Local woman turns 106


Elizabeth Hawks has lived through two world wars, the Great Depression, 18 U.S. presidents and a host of other changes during her 106 years.

Mrs. Hawks blows out the candles on her birthday cake during a party on June 27 under the watchful eyes of a great-granddaughter, Ava McPeak, 6, who baked the cake.

Elizabeth Hawks is member of a select group — and she in fact might be the only member of that group, at least in these parts.

First, she is 106 years old, having marked that occasion last Saturday with the help of a well-attended birthday party at her home in the Pine Ridge community.

Secondly, Mrs. Hawks enjoys great health for a person her age, accompanied by a razor-sharp memory that enables her to easily recall times long ago where there were no automobiles in Surry County or homes with electricity — much less television, computers or cell phones.

To top it all off, she regularly votes in elections — while enjoying the distinction of being the county’s oldest-registered voter — and has an awesome sense of humor for someone who’s 106.

“Well, I don’t feel that old,” Mrs. Hawks said during an interview several days ago. “I don’t even feel like I’m 100 years old.”

When asked to choose an age that might be more accurate, she replied, “I don’t know — about 80, I guess.” As one might expect, Elizabeth Hawk does visit her doctor from time to time, but it’s usually to check on his welfare rather than hers.

“I tell him I have to go see how the doctor is, ‘cause I’m not sick,” she joked. “He don’t find nothing wrong with me.”

Not bad for someone who’s lived from the horse-and-wagon era through two world wars, the Great Depression, 18 U.S. presidents and numerous other challenging times spanning two centuries.

“Yeah, there’s been a lot of changes,” the 106-year-old agreed.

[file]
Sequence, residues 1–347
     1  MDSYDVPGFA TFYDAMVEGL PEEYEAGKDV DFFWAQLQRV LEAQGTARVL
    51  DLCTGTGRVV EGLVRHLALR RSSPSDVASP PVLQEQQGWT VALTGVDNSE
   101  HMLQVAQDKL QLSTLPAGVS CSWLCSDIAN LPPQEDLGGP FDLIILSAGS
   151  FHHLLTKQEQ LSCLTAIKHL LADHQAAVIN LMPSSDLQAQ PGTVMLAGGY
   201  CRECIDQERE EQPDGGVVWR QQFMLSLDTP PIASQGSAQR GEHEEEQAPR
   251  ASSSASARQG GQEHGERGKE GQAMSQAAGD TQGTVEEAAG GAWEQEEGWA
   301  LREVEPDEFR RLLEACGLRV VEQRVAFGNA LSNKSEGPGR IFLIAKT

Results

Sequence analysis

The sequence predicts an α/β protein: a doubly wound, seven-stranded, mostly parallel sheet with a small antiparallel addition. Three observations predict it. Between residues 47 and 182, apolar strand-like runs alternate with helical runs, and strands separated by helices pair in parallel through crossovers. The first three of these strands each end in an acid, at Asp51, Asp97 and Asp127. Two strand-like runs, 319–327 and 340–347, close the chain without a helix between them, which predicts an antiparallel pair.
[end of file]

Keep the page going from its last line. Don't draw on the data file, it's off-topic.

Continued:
Elizabeth Hawks was born on June 27, 1909, in the Red Brush community, one of 11 children of Sam and Drucilla Seal.

“And I’ve lived in Surry County all my life and I’ve lived on a farm all my life and I loved it,” Mrs. Hawks said.

“I was the 11th child,” she added. Other family members besides her have had long lives. Although Mrs. Hawks is the last-surviving member of her immediate family, the youngest sibling, a sister, died in 2013 about two weeks shy of her 101st birthday.

Mrs. Hawks’ mother also lived to be 100 and her father, 97. Her grandfather on her mom’s side, Newell McHone, died at age 102.

Horse-and-buggy days

“We never had any modern conveniences,” Mrs. Hawks recalled of her early years growing up in Surry, which included her dad farming the old-fashioned way without tractors or other mechanized equipment.

“He loved horses and he tended the land with horses until he was 90 years old.”

“I grew up in Antioch Church,” Mrs. Hawks said of her longtime association with the church on N.C. 89, where she’s been a member for 92 years and still attends regularly. “I’ve not missed but a few Sundays,” she added proudly. “I was baptized when I was 14 years old.”

Her family rode to services in a wagon pulled by two horses in those days before cars were prevalent. Mrs. Hawks’ parents “put hay down and put a quilt on it” on which the children rode.

Among Mrs. Hawks’ vivid memories was seeing an automobile for the first time, which was driven by Ben Taylor, a prominent local man who many people know from his ownership of Taylor’s Garage, a longtime local business.

“That car was making so much noise that I climbed up on the bank until it went by,” she said. “The first cars that came about, they made the most noise and you had to crank them in front.”

While her father didn’t have one of the newfangled conveyances, he sometimes got the last laugh in the matter. The roads in those days were horrible and cars would get stuck in mudholes, with her dad called upon to pull the vehicles out with his horses.

“Things like that you don’t forget,” she said.

“I had two brothers in World War I,” Mrs. Hawks also said of those early days. “One of them (Luther Seal) got gassed. He was the forerunner for his company — he had to run ahead and see if everything was safe.” Luther was wearing a gas mask at the time, but still found himself in a treatment facility.

“We didn’t hear from him for three or four months,” Mrs. Hawks said. “And we finally got a letter from a nurse.”

Woodrow Wilson, who was president then, is the nation’s first chief executive that Mrs. Hawks has knowledge of, though she was born during the presidency of William H. Taft, Wilson’s predecessor.

School Days

Mrs. Hawks can remember her first foray into public education at age 10, attending a proverbial one-room schoolhouse near Antioch Church.